Using Exhaust Scrubbers to Filter Microplastics from the Ocean
The shipping industry is stepping up to address the challenge of reducing the levels of microplastics captured in the world’s oceans. In the latest development, Italy’s Grimaldi Group announced that it has tested and patented a filter system to tackle ocean microplastics using the washwater already being employed in exhaust gas scrubbers commonly installed on a broad range of ships. Wartsila, one of the leading manufacturers of scrubbers, has become the first company to obtain a non-exclusive license from Grimaldi for the development and marketing of the plastics filter system for exhaust scrubbers.
The challenges of microplastics are well known with multiple efforts exploring different means of either preventing plastic from entering the ecosystem or capturing the plastics which are growing exponentially in the world’s oceans. The non-profit group Plastics Europe highlights that more than 11 million tons of plastics end up in the oceans each year. Larger plastics break down in the waves and sunlight into microscopic particles in the water as well as the seabed.
To tackle this problem, Grimaldi began exploring the exhaust scrubbers already widely installed on their fleet of ro-ros, ferries, and other cargo vessels. Open loop scrubbers suck in enormous quantities of water every day explains Grimaldi and then return it to the sea. The idea was to insert a new system that filters the water and captures the microplastics, preventing them from being ingested by fish and other marine organisms and entering the food chain.
“The idea for this innovative technology originated from recognizing that open loop exhaust gas cleaning systems can draw seawater for exhaust scrubbing and simultaneously collect microplastic present in the oceans as part of their normal operation,” said Emanuele Grimaldi, Managing Director of the Grimaldi Group. “We have already completed pilot testing of this system onboard one of our vessels deployed between Civitavecchia and Barcelona. The results are promising, with 64,680 microplastic particles collected on a single voyage between these two ports.”
According to Wartsila, the new system requires very few changes to onboard procedure and uses the natural capabilities of an open loop scrubber to contribute to cleaning the oceans during each voyage. Currently, a 10-megawatt engine will permit scrubbers to process approximately 450 m3 of water per hour, potentially resulting in a large amount of microplastics being captured from seawater. According to early test results, the microplastics filtration system is efficient in capturing particles smaller than 10µm and the captured concentration by volume equals around 76 particles/m3.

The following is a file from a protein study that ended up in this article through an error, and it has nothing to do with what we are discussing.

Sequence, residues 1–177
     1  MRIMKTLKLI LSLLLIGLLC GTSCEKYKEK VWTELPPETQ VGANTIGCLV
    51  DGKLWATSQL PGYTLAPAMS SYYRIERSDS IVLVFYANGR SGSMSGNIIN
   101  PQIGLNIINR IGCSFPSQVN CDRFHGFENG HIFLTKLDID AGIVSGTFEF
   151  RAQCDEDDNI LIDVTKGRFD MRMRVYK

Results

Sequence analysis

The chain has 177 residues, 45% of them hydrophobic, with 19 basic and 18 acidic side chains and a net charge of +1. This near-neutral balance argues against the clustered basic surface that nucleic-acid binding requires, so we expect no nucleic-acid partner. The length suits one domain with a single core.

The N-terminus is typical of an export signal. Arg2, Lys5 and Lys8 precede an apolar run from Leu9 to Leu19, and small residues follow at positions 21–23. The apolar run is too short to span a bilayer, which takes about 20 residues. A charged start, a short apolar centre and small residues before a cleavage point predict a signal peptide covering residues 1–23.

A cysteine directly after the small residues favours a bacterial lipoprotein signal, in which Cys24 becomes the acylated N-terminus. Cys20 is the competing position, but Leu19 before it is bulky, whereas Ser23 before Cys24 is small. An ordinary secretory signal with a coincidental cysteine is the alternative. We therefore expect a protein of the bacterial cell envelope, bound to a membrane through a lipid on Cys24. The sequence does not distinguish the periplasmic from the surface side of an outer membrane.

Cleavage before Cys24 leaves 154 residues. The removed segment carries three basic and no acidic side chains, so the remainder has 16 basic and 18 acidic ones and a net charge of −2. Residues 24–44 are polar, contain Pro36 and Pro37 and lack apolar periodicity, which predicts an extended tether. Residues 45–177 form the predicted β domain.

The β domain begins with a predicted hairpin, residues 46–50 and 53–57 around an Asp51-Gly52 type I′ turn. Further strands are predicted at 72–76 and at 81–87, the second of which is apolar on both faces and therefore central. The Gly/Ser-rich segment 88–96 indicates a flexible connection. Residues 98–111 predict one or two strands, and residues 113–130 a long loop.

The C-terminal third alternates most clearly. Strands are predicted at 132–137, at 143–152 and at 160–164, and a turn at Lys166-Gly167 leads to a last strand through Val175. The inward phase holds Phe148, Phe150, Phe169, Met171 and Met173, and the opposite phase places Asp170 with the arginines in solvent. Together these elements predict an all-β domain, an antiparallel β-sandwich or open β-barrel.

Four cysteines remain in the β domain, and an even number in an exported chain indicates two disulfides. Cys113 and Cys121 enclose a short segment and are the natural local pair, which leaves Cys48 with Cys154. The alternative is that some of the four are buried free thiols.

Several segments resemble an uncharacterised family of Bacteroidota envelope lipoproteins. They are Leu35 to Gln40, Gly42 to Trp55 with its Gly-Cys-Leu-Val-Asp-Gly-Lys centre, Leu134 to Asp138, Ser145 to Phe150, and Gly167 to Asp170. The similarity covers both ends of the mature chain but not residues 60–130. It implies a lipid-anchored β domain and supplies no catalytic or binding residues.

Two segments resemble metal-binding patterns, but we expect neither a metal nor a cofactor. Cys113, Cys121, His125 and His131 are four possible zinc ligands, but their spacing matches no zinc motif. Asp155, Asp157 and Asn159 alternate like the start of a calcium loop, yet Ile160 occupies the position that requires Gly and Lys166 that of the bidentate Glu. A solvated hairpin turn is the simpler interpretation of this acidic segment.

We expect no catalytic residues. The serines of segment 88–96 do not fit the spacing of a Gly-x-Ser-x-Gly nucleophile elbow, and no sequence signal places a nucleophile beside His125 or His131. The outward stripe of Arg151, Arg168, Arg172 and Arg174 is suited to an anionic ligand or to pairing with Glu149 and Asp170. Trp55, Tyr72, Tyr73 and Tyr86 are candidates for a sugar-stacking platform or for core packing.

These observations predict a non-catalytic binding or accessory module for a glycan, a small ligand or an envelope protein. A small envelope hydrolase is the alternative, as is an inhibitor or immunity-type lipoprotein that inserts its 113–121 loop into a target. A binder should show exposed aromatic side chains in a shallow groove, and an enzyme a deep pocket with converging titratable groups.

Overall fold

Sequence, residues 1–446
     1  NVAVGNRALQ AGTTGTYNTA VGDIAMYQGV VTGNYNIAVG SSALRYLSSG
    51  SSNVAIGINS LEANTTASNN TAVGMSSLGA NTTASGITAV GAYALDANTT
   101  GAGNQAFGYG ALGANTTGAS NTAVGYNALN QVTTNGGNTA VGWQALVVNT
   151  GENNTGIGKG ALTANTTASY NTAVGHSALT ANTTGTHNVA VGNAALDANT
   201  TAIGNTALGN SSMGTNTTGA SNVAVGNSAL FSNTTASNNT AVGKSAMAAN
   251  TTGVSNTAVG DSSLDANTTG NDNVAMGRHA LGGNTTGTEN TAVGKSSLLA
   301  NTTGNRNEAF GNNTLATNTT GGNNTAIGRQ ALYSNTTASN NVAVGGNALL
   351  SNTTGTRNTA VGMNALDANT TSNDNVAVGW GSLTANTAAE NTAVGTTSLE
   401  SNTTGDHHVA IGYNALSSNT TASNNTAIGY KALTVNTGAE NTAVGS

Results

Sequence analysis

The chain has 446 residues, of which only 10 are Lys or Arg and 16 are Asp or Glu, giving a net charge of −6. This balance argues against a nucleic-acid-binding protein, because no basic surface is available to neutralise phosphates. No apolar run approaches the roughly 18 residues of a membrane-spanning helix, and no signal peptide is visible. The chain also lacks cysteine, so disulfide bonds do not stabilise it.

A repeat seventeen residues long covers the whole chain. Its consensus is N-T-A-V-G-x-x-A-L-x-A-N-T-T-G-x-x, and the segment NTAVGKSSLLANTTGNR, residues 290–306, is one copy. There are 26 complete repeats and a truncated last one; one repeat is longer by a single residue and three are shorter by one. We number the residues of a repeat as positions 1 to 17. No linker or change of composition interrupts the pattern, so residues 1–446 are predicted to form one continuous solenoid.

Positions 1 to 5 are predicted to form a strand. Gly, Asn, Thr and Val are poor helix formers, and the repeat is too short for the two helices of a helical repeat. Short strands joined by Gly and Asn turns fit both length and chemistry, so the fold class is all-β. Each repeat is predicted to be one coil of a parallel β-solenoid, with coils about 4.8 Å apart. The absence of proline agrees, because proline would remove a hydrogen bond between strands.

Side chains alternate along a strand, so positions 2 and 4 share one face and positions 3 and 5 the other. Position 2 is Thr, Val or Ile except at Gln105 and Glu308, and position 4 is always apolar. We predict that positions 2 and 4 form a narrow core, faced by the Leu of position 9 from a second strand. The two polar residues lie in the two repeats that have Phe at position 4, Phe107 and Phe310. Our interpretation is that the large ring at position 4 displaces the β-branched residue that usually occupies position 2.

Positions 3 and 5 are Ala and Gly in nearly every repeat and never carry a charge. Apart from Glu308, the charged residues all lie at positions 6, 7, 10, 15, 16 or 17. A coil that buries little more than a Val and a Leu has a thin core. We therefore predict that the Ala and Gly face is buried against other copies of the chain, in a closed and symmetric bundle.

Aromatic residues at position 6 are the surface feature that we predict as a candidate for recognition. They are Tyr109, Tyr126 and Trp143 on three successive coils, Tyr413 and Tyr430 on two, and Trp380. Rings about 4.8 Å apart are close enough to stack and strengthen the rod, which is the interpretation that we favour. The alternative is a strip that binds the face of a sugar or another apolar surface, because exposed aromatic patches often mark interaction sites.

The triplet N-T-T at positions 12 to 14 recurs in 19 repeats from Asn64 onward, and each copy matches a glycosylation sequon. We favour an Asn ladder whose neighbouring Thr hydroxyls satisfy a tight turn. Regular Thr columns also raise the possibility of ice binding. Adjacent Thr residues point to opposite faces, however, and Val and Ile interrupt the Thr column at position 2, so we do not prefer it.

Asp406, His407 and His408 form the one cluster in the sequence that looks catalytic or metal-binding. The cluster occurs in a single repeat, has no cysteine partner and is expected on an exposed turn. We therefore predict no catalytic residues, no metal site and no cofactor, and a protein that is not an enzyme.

“Microplastics are a pressing environmental challenge and we’re proud to work together with Grimaldi to tackle cleaning up the oceans,” said Tamara de Gruyter, President of Marine Systems at Wärtsilä. “Even more importantly, the ability to capture microplastics shows how scrubbers are a platform for solving a wide range of sustainability challenges – and now even ones that are beyond the stack.”
While Grimaldi Group patented the system, the company notes that it is being made available with non-exclusive licensing agreements. In addition, they committed to donate the revenues from the licensing of the patent to charity.
Other shipping companies have also been looking at using their ships to act as filters. Starting in late 2020, Japan’s Mitsui O.S.K. Lines began testing adding a filter to its ballast water systems. MOL tested a filter on one of its wood chip dry bulk carriers and reported that they would expand the use of the technology to additional ships.